The Equifax Credit Breach: What You Can Do to Protect Your Information

There are a number of steps you can take to determine if you are affected by the Equifax credit breach, including:

  • Visit the Equifax website.

  • Visit the other credit report company websites, including Experian, and TransUnion. One site with which you can access all of your credit reports is Check for any account activity that could be associated with an identity theft.

  • Visit the Federal Trade Commission webpage set up especially for the Equifax Credit Breach.

  • Freeze your credit accounts. This will make it more difficult for someone to open up an account in your name.

  • Check your existing credit and bank accounts frequently for changes you don’t recognize.

  • Place a fraud alert on your credit accounts. This would warn creditors that your identity has been stolen and obligate them to find out that the person seeking credit under your name is truly you.

  • File your taxes early before someone who has stolen your identity does to prevent them from getting your tax refund.

Retirees Should Take Some Extra Precautions

People who have retired actually have additional concerns. Financial advisors suggest that freezing accounts makes sense for retirees, but argue that fraud alerts are worthless. Too much time has passed since the breach, giving any thief plenty of opportunity to empty a bank account or adversely affect someone’s credit score. Basically, a fraud alert would be too little, too late.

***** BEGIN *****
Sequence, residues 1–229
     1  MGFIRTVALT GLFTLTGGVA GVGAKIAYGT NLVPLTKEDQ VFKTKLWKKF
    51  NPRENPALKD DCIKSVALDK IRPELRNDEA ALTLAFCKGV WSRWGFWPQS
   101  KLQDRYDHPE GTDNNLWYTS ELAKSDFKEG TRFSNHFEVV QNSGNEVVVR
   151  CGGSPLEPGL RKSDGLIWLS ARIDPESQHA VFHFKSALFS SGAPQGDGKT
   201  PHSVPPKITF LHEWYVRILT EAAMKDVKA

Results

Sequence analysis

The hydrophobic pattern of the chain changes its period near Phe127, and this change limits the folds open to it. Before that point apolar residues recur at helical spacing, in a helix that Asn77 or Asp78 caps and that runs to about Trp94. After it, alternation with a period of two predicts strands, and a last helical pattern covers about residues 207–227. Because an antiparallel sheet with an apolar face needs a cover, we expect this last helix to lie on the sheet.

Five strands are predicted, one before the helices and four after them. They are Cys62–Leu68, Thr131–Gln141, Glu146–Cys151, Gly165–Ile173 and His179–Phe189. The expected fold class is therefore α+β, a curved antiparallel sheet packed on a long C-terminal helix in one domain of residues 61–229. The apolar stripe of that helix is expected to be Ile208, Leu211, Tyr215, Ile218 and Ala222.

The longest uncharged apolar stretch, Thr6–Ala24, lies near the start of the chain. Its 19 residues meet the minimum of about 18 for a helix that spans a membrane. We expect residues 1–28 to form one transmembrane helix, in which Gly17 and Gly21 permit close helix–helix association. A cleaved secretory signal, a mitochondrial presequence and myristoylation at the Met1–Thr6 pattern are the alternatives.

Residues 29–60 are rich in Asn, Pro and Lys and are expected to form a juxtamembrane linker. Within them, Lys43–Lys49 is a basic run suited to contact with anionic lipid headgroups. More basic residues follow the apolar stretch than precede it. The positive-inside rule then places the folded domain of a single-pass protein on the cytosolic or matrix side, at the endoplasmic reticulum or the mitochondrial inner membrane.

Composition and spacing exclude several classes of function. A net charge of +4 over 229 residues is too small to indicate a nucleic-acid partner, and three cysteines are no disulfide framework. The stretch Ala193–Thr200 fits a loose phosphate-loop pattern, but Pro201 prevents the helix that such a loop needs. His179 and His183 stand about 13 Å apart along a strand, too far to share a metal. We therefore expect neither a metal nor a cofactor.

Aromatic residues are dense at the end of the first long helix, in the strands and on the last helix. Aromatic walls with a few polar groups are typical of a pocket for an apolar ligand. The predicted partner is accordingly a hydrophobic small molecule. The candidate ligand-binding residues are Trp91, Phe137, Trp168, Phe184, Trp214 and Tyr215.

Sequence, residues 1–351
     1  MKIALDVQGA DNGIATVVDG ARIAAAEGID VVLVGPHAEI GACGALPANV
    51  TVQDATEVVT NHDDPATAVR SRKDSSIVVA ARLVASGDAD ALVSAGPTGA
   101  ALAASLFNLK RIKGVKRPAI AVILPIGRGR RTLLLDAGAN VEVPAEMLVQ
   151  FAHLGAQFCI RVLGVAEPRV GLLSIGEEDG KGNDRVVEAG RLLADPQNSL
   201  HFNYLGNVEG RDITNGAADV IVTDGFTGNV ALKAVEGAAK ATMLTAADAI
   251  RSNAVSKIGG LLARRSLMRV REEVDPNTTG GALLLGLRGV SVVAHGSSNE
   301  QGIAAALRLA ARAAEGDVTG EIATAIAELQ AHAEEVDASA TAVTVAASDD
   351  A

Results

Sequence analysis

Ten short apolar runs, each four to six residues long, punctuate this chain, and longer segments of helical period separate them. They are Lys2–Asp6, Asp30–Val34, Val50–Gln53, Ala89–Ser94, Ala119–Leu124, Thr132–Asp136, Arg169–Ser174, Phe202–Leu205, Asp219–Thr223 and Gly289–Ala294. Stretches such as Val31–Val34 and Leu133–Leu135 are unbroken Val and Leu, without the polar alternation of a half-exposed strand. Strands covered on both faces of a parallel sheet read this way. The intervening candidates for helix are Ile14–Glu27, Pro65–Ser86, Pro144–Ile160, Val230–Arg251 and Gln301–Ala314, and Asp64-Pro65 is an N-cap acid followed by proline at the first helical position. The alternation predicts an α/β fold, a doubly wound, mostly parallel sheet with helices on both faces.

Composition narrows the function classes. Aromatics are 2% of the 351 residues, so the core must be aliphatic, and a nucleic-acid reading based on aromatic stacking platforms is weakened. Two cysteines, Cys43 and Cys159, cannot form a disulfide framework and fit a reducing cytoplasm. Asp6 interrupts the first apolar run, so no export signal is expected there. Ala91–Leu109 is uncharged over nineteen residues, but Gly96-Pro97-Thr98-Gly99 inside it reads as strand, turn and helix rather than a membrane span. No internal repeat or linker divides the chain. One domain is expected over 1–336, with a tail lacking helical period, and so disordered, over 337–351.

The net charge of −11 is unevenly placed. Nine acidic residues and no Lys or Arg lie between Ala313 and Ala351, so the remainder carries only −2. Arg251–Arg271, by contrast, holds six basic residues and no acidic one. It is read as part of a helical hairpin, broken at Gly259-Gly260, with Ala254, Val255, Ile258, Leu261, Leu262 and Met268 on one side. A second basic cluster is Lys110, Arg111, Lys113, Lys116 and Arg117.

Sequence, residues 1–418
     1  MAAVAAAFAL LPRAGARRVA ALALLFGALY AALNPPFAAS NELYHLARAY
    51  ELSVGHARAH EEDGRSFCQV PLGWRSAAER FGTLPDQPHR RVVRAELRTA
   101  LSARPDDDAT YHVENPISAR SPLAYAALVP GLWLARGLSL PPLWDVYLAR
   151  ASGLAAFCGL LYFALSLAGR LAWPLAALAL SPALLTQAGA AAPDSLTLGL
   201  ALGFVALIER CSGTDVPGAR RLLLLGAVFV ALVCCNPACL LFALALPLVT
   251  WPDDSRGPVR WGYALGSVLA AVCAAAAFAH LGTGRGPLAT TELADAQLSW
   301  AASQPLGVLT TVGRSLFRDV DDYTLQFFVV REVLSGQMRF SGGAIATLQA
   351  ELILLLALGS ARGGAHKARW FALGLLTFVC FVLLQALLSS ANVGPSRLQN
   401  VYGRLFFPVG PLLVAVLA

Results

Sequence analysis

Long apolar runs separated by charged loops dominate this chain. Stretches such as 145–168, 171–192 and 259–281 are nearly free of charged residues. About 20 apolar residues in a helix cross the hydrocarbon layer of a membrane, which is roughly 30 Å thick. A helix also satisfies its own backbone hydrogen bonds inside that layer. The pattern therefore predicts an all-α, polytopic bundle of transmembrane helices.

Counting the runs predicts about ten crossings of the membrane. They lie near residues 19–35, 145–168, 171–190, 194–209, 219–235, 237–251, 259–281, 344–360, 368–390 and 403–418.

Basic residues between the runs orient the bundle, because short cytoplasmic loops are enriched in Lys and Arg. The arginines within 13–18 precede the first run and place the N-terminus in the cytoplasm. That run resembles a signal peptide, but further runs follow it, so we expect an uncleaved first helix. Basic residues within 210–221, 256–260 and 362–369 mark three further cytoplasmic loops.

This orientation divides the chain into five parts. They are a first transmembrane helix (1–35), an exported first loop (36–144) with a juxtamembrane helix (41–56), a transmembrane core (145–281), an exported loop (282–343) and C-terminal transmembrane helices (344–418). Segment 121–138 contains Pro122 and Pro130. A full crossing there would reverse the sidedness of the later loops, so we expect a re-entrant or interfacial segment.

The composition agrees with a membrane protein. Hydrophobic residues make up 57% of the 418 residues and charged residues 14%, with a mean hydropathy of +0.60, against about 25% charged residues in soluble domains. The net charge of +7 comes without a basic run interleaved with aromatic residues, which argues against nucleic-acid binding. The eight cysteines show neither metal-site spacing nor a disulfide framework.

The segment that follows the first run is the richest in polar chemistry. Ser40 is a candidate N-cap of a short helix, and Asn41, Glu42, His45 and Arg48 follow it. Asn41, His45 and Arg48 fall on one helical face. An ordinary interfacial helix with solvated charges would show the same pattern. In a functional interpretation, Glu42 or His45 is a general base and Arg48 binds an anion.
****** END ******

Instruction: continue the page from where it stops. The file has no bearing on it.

Advisors also note that if a retiree had relied on a comprehensive fraud and identity theft monitoring service like LifeLock, then he or she would have been notified of the breach and the service would take steps to protect his or her identity.

Identity theft monitoring companies offer a daily analysis of all accounts, including fraudulent transactions from opening new, unauthorized accounts to evidence of identity theft on the dark web. The dark web is a network of Internet sites requiring special software configuration to access, and is often used by people with less than good intentions.

Identity theft experts also encourage retirees to check and then continue closely monitoring their social security account, as identity thieves could contact the Social Security Administration and modify mailing addresses so that benefits are sent to them, instead.